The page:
By Abhishek Jha:
The government launched the Digital India Week on 1st July from the Indira Gandhi Indoor Stadium. The two-hour long event saw speeches from Ravi Shankar Prasad, the Communications and Information Technology Minister, Arun Jaitely, the I&B minister, corporate leaders, and the Prime Minister himself. Also, during the event, the PM launched a number of projects for the government’s Digital India programme. The country, which is the third largest internet user after China and the United States, could definitely benefit from a programme that brings digital infrastructure to its population.
The programme aims to provide digital infrastructure and e-governance and empower citizens by making them digitally literate and making digital resources accessible to them. A major challenge to all these programmes however, could be the end of net-neutrality. Heads of telecom companies opposed to net-neutrality were also present at the launch ceremony and it would be worrisome if they created impediments in the government’s programme by fighting against net-neutrality.
Power is also a major hurdle if we are dreaming of a digital India. Villages that get electricity for barely a few hours a day are going to have little use for all the services available on the Internet. They are going to remain stuck in the red-taped bureaucracy.
Also, one needs to keep in mind that the power of the Internet is revolutionary only if it remains the democratic space that it once was. In the documentary Citizenfour, Edward Snowden says, “I remember what the Internet was like before it was being watched. There has never been in the history of man anything like it. You could have children from one part of the world having an equal discussion where they were, sort of, granted the same respect for their ideas in conversation with experts in a field from another part of the world on any topic, anywhere, anytime, all the time.” If this freedom is curbed by laws like 66A, for which this government (as much as the one preceding it) fought, which aim to muzzle Internet freedom with vague generalities, there is nothing sanguine in the programme’s announcement. A Digital India is a very much welcome move if it doesn’t end up being just another scheme that looks good only on paper.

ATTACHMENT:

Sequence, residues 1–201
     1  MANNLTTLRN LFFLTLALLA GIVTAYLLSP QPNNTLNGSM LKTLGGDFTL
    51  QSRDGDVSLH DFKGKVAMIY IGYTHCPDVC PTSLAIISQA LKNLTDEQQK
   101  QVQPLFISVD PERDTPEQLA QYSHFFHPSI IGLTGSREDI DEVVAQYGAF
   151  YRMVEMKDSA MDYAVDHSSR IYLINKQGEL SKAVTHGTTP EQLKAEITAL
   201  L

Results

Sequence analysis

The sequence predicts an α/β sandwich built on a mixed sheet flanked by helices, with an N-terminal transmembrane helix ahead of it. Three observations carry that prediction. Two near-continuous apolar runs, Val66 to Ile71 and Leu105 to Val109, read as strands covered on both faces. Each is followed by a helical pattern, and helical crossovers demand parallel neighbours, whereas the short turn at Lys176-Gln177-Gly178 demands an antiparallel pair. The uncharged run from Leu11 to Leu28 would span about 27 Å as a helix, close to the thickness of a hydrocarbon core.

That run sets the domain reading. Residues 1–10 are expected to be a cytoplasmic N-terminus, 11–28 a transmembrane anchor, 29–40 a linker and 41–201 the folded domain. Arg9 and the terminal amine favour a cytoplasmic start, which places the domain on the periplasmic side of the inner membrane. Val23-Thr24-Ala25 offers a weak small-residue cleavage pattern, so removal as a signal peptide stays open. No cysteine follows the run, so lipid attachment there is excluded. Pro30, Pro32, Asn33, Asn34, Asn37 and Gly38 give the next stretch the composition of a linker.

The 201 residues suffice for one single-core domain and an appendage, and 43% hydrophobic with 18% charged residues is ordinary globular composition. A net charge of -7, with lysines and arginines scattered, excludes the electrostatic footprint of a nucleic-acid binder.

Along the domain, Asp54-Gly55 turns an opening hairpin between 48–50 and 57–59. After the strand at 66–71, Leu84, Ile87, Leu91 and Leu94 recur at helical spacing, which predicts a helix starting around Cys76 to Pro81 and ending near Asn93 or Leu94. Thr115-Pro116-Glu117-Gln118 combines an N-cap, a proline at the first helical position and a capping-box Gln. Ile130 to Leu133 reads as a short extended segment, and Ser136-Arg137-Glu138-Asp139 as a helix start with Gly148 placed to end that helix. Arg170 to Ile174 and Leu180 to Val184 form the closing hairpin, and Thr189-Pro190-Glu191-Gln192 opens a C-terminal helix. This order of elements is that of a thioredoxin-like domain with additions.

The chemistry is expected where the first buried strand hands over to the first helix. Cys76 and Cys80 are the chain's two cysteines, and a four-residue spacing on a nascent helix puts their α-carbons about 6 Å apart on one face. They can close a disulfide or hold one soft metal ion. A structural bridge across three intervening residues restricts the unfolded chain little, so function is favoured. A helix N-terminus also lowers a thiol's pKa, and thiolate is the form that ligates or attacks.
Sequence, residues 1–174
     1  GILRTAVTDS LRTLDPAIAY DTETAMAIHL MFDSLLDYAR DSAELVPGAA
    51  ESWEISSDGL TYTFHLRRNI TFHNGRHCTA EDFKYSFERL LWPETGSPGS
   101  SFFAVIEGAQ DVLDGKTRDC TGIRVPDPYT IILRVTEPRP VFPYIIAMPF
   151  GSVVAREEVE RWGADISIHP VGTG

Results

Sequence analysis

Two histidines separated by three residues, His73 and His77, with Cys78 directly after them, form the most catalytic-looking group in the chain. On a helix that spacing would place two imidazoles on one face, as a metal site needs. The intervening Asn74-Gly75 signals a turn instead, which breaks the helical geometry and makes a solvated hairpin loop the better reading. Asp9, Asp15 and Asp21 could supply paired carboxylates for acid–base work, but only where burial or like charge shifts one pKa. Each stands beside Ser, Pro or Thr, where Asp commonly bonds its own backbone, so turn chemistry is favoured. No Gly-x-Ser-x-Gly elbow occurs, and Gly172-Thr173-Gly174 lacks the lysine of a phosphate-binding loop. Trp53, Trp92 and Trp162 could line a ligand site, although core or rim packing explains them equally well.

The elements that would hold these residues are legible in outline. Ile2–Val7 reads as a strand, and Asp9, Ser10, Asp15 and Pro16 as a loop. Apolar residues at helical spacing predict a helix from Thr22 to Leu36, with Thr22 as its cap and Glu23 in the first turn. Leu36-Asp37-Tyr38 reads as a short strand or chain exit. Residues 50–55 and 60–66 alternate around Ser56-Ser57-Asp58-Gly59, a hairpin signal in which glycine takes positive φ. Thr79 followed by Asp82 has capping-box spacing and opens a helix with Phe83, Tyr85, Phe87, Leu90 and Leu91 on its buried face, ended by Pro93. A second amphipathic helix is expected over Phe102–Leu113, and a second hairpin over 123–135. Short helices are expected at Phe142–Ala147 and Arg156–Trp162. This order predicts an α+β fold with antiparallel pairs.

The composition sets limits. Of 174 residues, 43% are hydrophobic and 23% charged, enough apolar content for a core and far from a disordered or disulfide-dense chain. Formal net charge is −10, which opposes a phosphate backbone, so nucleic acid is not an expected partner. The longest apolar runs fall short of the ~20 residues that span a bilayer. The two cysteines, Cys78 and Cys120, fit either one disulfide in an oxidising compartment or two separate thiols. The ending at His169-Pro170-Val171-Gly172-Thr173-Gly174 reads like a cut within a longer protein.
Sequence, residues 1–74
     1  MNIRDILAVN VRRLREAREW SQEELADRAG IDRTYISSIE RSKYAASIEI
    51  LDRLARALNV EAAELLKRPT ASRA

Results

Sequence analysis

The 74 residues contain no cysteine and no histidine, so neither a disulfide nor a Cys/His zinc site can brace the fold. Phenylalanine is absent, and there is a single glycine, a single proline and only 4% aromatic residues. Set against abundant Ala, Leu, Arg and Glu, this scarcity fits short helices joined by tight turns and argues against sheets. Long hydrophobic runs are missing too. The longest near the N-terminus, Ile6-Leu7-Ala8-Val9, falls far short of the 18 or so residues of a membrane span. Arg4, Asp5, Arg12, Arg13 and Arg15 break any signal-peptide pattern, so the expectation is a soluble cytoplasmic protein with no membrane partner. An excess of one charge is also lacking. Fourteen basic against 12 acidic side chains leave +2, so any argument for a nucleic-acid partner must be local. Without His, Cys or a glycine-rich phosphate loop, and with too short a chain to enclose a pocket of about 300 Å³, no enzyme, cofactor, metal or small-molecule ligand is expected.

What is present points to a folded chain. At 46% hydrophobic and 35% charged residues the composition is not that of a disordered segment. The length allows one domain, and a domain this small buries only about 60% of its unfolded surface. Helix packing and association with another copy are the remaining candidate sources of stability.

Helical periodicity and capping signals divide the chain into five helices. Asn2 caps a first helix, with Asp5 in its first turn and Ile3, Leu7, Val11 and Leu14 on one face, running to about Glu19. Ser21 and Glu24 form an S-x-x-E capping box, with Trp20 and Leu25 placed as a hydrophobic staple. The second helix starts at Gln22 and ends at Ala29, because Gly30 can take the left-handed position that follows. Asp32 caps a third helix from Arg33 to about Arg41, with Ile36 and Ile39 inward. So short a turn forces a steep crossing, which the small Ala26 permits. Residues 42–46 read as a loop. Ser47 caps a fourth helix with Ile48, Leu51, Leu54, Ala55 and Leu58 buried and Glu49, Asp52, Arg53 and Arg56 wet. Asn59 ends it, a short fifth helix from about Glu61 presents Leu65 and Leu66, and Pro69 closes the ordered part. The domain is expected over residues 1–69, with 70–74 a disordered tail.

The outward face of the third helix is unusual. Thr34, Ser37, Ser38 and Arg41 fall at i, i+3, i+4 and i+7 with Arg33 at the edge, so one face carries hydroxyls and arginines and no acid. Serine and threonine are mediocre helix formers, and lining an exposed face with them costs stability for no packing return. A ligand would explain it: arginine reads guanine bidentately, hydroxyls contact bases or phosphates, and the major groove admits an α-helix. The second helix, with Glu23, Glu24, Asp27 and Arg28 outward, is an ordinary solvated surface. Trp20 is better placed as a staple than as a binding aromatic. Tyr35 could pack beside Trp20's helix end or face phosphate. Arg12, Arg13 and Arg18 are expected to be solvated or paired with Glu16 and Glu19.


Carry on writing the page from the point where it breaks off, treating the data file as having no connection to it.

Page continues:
Here, however, are the highlights of the announced projects:
1. The Internet: The programme aims to provide broadband coverage to 2.5 lakh Gram Panchayats by December 2016 and mandate communication infrastructure in new buildings in urban areas. Under the National Rural Internet Mission, 1.5 lakh post offices are to be made into multi-service centres. Free WiFi in 2.5 lakh schools, a digital literacy programme is also proposed. The new government has already started interacting with the public through the use of social media. Other web-based platforms to facilitate “2-way communication” between the government and the public.
2. Mobile Connectivity: With a 16,000 crore estimated cost, mobile coverage is to be provided to about 42,300 villages. It is an ongoing programme for increased network penetration and to cover gaps. Mobiles are also to help provide emergency services.
3. e-Governance: On the line of government’s “Minimum Government, Maximum Governance” slogan, it is to rev up bureaucratic procedures. With “online applications and tracking“, “use of online repositories“, use of UIDAI and Payment Gateway platforms, it aims to reduce the paperwork to “improve transactions“. A “process improvement” in public grievance redressal system is likely since the programme is going to use IT to automate processes and analyse data to resolve problems.
4. Net Zero Imports: A combination of Digital India with the Make In India campaign, it aims to reduce all electronic imports to zero by 2020. The government admits that the existing structure for the programme is inadequate and needs strengthening.
5. IT For Jobs: As part of a new scheme, the government wishes to train 1 crore students over 5 years to makes them ready for the IT workforce. There is a special programme for the north-eastern states that is to set up BPO centres in every NE state. Similar workforce creation is also to take place for the Telecom services. An ongoing programme is training service delivery agents to deliver IT services.
6. Early Harvest Programmes: These are programmes with a short timeline of completion. They include programmes like biometric attendance in all central government offices in Delhi, WiFi in universities, public WiFi hotspots in cities with a population greater than 1 million and at tourist centres, SMS based weather information and disaster alerts, etc.